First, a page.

Covenant Sunday in Christmas

Happy New Year! Covenant Sunday comes at the very end of the Christmas season, on the Sunday closest to January first. Back in 1755, John Wesley, English founder of the Methodist movement, held his first Covenant Service of worship. Open BibleEver since then, Methodists have been encouraged to begin each new year with a portion of his Covenant Prayer, to personally commit to a living relationship with God.

So why is the idea of covenant so important? The core covenant is God’s offer of relationship in “I will be your God, and you shall be My people.” It is given to successive generations in the Scriptures, including in Jeremiah 7:23; 11:4; and 30:22. Christians call the two parts of the Bible the Old and New Testament, which is Latin for “covenant.” In the Old Testament, a “covenant” can be a treaty or agreement between two peoples, or a personal vow of friendship or marriage between two individuals. The entire Book of Deuteronomy is structured as a covenant, or vow, between God and God’s people. After many other covenants given and broken, God offers a “new covenant” with God’s people. This time it will be a covenant written upon the people’s hearts. (Jeremiah 31:31-34)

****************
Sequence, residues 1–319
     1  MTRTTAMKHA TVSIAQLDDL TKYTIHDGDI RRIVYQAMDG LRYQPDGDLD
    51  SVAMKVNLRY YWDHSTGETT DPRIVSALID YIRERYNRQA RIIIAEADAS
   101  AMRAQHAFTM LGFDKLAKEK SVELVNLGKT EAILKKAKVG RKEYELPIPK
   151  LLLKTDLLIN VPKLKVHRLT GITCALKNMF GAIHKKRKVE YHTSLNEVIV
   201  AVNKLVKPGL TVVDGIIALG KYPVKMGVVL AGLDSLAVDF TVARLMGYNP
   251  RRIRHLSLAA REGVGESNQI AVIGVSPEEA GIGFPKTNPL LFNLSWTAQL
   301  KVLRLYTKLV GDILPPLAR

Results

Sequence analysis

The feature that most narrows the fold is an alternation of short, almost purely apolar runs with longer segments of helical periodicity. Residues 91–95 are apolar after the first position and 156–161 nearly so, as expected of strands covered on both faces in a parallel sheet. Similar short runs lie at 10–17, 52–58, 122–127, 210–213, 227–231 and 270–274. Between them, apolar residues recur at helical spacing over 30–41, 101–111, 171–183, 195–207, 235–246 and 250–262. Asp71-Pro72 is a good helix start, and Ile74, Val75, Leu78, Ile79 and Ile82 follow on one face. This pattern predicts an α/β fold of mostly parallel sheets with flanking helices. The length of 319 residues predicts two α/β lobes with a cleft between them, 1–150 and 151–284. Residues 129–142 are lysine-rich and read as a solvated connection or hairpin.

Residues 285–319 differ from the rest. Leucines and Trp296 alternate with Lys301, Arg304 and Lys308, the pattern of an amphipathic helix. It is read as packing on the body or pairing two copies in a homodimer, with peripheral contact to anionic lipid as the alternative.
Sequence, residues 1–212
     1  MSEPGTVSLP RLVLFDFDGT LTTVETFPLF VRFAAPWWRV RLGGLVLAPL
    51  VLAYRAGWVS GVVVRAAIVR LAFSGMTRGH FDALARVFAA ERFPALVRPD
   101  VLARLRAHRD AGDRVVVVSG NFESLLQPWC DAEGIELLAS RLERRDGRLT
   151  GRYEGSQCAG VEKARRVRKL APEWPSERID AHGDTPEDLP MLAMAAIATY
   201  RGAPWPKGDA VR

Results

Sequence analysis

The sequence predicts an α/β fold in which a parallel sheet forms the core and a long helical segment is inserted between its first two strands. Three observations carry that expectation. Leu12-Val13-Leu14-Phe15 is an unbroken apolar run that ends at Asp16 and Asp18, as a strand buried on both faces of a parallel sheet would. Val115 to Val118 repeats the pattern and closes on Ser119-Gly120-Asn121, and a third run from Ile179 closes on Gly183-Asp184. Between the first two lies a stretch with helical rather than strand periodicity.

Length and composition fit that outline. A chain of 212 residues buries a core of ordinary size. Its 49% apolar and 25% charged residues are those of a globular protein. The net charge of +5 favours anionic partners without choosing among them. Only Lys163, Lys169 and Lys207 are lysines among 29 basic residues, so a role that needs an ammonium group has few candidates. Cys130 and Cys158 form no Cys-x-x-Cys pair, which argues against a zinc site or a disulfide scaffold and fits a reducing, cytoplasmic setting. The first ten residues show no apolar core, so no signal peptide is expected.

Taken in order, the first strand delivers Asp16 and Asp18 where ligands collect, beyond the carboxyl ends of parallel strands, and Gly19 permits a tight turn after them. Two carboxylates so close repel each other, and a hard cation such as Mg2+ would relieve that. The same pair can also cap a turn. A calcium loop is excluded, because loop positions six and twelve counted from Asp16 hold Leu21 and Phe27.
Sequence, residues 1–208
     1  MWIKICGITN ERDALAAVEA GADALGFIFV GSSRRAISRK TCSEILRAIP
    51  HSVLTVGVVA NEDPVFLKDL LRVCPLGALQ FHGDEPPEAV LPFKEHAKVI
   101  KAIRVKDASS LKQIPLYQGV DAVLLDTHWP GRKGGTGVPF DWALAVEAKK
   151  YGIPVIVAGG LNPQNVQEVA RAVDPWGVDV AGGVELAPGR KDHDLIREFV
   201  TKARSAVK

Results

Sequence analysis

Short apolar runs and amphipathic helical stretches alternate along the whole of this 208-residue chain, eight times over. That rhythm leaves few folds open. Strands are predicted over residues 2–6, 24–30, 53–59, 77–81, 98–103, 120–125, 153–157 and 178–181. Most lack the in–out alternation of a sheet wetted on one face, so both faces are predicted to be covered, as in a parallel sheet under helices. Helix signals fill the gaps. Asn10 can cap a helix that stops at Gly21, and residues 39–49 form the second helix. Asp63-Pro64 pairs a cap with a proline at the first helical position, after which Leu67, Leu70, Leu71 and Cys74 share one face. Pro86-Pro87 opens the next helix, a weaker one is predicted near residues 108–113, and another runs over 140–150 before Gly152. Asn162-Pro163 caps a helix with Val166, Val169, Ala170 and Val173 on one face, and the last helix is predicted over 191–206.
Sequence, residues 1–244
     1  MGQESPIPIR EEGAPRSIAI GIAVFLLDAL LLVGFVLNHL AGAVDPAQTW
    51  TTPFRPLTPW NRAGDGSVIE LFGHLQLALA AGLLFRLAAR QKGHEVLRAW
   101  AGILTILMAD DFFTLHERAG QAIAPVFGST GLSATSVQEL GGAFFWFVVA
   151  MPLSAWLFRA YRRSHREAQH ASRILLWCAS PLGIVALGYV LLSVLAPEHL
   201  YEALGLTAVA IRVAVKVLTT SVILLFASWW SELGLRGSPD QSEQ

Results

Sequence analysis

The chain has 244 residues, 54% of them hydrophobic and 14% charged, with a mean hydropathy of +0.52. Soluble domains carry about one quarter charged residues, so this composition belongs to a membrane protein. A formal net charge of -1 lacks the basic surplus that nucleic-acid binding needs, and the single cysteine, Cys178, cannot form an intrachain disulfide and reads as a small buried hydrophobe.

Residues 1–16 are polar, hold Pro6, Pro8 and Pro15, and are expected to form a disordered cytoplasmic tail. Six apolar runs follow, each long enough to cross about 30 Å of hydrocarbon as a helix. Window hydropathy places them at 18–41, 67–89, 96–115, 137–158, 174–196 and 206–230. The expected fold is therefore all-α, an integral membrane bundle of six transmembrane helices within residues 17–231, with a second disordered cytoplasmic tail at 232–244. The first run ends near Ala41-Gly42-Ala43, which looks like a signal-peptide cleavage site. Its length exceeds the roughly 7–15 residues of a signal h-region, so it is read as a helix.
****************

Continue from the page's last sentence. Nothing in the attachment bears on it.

This is the new covenant which Jesus offered personally to his first disciples – and to each successive generation of followers, including us – whenever we share in Communion. Having committed his life on behalf of all people, Jesus said, “This cup which is poured out for you is the new covenant in my blood.” (Luke 22:20)

As we begin this new year, may you experience the blessings of a renewed, living covenant of love with God. One way to affirm it is by sharing in John Wesley’s heartfelt Covenant Prayer:
I am no longer my own, but Thine.
Put me to what Thou wilt, rank me with whom Thou wilt.
Put me to doing; put me to suffering.
Let me be employed by Thee or laid aside for Thee,
Exalted for Thee or brought low for Thee.
Let me be full; let me be empty.
Let me have all things; let me have nothing.
I freely and heartily yield all things to Thy pleasure and disposal.
And now, O glorious and blessed God, Father, Son, and Holy Spirit,
Thou are mine, and I am Thine. So be it.
And the covenant which I have made on earth,
Let it be ratified in heaven. Amen.

Betsy Schwarzentraub

See also: Christmas Being